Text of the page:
The Great Matter of Life and Death

Introduction, Like A Hair Pulled Out Of Butter, Our Real Home, What Is Death?

The Buddha taught us to be emptied of everything in this way, not to carry anything with us. To know, and having known, let go.
Realizing the Dhamma, the path to freedom from the Round of Birth and Death, is a task that we all have to do alone. So keep trying to let go and to understand the teachings. Really put effort into your contemplation. Don't worry about your family. At the moment they are as they are; in the future they will be like you. There's no one in the world who can escape this fate. The Buddha told us to put down everything that lacks a real abiding substance. If you put everything down, you will see the truth. If you don't, you won't. That's the way it is and it's the same for everyone in the world. So don't worry and don't grasp at anything.

This is your own work, nobody else's. Your sole responsibility right now is to focus on your mind and bring it to peace. Leave everything else to others. Forms, sounds, odors, tastes—leave them to others to attend to. Put everything behind you and do your own work, fulfill your own responsibility. Whatever arises in your mind—be it fear of pain, fear of death, anxiety about others or whatever—say to it, "Don't disturb me. You're not my business anymore." Just keep saying this to yourself when you see those dhammas arise.

Thinking that you'd like to go on living for a long time will make you suffer. But thinking you'd like to die right away or die very quickly isn't right either. Conditions don't belong to us, they follow their own natural laws. You can't do anything about the way the body is. You can prettify it a little, make it look attractive and clean for a while, like the young girls who paint their lips and let their nails grow long, but when old age arrives, everyone's in the same boat. That's the way the body is, you can't make it any other way. But what you can improve and beautify is the mind.

As soon as we're born, we're dead. Our birth and our death are just one thing. It's like a tree: when there's a root, there must be twigs. Where there are twigs, there must be a root. You can't have one without the other. It's a little funny to see how at a death people are so grief-stricken and distracted, fearful and sad, and at a birth how happy and delighted. I think if you really want to cry, then it would be better to do so when someone's born. For actually birth is death, death is birth, the root is the twig, the twig is the root. If you've got to cry, cry at the root, cry at the birth. Look closely: if there were no birth, there would be no death. Can you understand this?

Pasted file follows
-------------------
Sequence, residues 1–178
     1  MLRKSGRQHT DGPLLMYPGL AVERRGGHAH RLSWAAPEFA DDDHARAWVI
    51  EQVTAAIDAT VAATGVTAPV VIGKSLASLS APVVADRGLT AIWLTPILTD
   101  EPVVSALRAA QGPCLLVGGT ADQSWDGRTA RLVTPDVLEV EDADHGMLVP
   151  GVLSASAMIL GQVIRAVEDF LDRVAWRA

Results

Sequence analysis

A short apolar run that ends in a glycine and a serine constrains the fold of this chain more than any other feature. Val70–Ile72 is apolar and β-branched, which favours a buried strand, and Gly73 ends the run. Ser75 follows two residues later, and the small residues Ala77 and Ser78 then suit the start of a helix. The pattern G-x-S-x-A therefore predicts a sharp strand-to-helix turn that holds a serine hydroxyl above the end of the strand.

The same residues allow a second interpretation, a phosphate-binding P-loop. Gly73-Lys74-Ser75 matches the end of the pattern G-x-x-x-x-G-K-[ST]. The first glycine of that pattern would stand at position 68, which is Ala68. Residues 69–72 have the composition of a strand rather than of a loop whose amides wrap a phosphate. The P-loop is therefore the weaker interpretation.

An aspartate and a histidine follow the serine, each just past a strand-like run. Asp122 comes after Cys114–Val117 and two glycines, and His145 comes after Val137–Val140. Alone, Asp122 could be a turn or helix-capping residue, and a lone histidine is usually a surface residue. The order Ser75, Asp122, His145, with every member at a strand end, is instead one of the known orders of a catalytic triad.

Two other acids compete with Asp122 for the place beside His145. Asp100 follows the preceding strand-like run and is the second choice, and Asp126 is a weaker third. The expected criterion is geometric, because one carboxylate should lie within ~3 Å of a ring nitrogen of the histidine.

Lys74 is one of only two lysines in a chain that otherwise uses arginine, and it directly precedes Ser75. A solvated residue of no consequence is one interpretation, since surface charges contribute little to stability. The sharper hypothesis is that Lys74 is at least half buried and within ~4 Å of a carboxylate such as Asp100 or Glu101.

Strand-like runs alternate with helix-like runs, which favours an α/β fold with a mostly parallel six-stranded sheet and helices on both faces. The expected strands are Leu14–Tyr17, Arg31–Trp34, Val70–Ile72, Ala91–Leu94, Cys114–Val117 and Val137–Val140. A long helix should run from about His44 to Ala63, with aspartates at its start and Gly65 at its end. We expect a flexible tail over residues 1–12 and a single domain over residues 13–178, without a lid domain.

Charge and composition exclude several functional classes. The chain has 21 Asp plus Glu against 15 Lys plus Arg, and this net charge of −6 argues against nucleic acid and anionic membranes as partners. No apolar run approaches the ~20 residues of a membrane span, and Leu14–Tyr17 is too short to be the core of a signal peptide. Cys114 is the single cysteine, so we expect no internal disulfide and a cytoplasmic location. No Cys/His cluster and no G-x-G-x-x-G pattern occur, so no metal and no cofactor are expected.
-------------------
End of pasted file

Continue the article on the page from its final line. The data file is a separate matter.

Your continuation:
You needn't worry about anything because this isn't your real home, it's just a temporary shelter. Having come into this world, you should contemplate its nature. Everything there is, is preparing to disappear. Look at your body. Is there anything there that's still in its original form? Is your skin as it used to be? Is your hair? It's not the same, is it? Where has everything gone? This is nature, the way things are. When their time is up, conditions go their way. This world is nothing to rely on—it's an endless round of disturbance and trouble, pleasure and pain. There's no peace.

One who is nursing parents should fill his or her mind with kindness, not get caught in aversion. This is the one time when you can repay the debt that you owe them. From your birth through your childhood, as you've grown up, you've been dependent on your parents. That we are here today is because our mothers and fathers have helped us in so many ways. We owe them an incredible debt of gratitude.
So today, all of you children and relatives gathered here together, see how your parents become your children. Before you were their children, now they become yours. They become older and older until they become children again. Their memories go, their eyes don't see so well, and their ears don't hear. Sometimes they garble their words. Don't let it upset you. All of you nursing the sick must know how to let go.

Let the patient remember the kindness of those who nurse and patiently endure the painful feelings. Exert yourself mentally, don't let the mind become scattered and agitated, and don't make things difficult for those looking after you. Let those who nurse the sick fill their minds with virtue and kindness. Don't be averse to the unattractive side of the job, to cleaning up mucus and phlegm, or urine and excrement. Try your best. Everyone in the family, give a hand.

These are the only parents you've got. They gave you life; they have been your teachers, your nurses, your doctors; they've been everything to you. That they have brought you up, taught you, shared their wealth with you and made you their heirs is the great beneficence of parents. Consequently the Buddha taught the virtues of katannu and katavedi, knowing our debt of gratitude and trying to repay it. These two dhammas are complementary. If our parents are in need, they're unwell or in difficulty, then we do our best to help them. This is katannukatavedi; it is a virtue that sustains the world. It prevents families from breaking up; it makes them stable and harmonious.

Anyone can build a house of wood and bricks, but the Buddha taught that that is not our real home. Our real home is inner peace.

Ajaan Chah Subatto (1918-1992) trained in the Theravada practice of meditation and lived as a simple forest monk in Thailand for more than seventy years. His teachings are collected in the volume A Still Forest Pool, edited by Jack Kornfield and Paul Breiter (Quest, 1985).

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